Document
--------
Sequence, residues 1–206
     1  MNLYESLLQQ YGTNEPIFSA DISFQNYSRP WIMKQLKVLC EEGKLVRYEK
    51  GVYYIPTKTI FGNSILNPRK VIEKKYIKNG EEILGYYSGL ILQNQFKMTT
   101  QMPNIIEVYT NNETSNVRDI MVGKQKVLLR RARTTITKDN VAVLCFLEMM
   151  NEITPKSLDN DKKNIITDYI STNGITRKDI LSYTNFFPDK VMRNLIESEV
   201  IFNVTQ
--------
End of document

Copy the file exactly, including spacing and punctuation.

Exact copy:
Sequence, residues 1–206
     1  MNLYESLLQQ YGTNEPIFSA DISFQNYSRP WIMKQLKVLC EEGKLVRYEK
    51  GVYYIPTKTI FGNSILNPRK VIEKKYIKNG EEILGYYSGL ILQNQFKMTT
   101  QMPNIIEVYT NNETSNVRDI MVGKQKVLLR RARTTITKDN VAVLCFLEMM
   151  NEITPKSLDN DKKNIITDYI STNGITRKDI LSYTNFFPDK VMRNLIESEV
   201  IFNVTQ